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Neutralizing Somali Pirates

Suspected pirates are paraded aboard a naval ship after their arrest by the Nigerian Navy at a defence jetty in Lagos August 20, 2013. Commodore Chris Ezekobe, naval commander at the NNS Beecroft, a Lagos naval base, said the four had hijacked the barge a

Though the situation has improved, passage through the area off the coast of Somalia is still dangerous.

Some of the world’s busiest shipping lanes trace along the North Western Arabian Sea, where it laps the Horn of Africa and narrows toward the Gulf of Aden. Since the second phase of the Somali Civil war began around 2005, this area has been teeming with pirates. In 2008 alone, pirates launched 111 attacks on ships, 42 of which succeeded. The ships and their crews were hijacked and held for ransom. The pirates upped the ante in 2009: the rate of attacks increased ten-fold in January and February of that year, as compared to the same period in 2008.

Seeking to stop the hijackings, the international community established in January 2009 the Contact Group on Piracy off of the Coast of Somalia. This diverse group brought together numerous countries, international and non-governmental organizations to coordinate their efforts to counter piracy off the Horn of Africa.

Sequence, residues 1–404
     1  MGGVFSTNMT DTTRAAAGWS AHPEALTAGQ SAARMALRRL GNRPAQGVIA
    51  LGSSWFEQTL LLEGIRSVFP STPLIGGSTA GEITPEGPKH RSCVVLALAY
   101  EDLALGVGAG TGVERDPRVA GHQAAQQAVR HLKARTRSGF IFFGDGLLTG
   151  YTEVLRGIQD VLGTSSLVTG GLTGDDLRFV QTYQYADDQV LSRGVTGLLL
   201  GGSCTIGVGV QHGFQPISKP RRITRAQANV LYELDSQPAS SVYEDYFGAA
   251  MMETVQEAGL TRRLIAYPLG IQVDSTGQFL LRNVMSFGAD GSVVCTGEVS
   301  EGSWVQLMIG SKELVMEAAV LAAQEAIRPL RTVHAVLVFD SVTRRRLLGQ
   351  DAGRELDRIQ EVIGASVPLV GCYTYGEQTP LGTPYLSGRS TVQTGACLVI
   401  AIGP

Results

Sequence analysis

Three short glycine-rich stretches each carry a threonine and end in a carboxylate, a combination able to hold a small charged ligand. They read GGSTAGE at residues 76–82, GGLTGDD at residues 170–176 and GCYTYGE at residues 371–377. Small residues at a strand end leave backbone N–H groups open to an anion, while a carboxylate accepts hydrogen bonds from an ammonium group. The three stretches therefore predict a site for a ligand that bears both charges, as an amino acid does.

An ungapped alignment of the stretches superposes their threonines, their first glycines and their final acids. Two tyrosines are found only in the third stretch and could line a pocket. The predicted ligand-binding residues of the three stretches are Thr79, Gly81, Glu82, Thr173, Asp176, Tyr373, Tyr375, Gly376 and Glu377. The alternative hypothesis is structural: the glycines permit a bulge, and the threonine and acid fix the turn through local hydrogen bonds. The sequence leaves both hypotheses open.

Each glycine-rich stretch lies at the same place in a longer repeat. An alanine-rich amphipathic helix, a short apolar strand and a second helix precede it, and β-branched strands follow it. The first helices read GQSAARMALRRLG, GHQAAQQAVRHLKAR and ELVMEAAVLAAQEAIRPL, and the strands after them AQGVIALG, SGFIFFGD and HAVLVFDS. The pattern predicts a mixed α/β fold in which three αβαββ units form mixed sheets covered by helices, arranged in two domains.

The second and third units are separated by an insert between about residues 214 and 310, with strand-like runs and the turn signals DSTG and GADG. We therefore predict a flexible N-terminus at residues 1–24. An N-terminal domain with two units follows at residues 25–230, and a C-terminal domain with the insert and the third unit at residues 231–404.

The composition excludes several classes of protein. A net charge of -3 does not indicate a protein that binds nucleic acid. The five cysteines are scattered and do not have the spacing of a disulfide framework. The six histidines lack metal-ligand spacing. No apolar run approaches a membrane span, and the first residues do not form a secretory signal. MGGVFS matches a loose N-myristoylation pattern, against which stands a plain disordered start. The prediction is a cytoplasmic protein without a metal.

“Since then, the Contact Group has grown to an open and vital architecture of 80 nations and organizations, including the entire spectrum of stakeholders – different ministries, international and nongovernmental organizations, many sectors of the maritime industry, and representatives of civil society,” said Donna Hopkins, U.S. State Department Coordinator for Counter Piracy and Maritime Security.

“The figures speak for themselves. There has been no piracy hijacking off the coast of Somalia since May 10th 2012, over 20 months. This is the lowest rate of attempted hijackings in over six years, and certainly since the peak of the crisis in 2011.”

This remarkable turn of events is due not only to the multi-national counter-piracy operations preventing and disrupting pirate attacks but also because commercial ships are helping by protecting themselves, including the use of armed security teams.

Nonetheless, though the situation has improved, passage through that area is still dangerous. The Group continues to prevent pirate attacks at sea, but it also works to undermine support for the pirates on shore, and works with the Somali government to offer alternate employment to would-be pirates.

“This is an international law enforcement effort to bring to justice the handful of kingpins who operate this terrible enterprise,” said Donna Hopkins. “The fundamental conditions along the Somali coast have not yet changed, and if we drop our guard, piracy will return.”